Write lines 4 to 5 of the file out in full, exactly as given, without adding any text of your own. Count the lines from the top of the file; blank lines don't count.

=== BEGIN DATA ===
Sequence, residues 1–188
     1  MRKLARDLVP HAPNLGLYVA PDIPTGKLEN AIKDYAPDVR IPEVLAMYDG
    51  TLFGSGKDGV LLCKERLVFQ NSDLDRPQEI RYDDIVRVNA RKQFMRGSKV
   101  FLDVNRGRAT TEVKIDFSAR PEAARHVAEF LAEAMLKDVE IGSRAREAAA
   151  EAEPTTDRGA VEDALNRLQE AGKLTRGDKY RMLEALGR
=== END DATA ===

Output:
   101  FLDVNRGRAT TEVKIDFSAR PEAARHVAEF LAEAMLKDVE IGSRAREAAA
   151  EAEPTTDRGA VEDALNRLQE AGKLTRGDKY RMLEALGR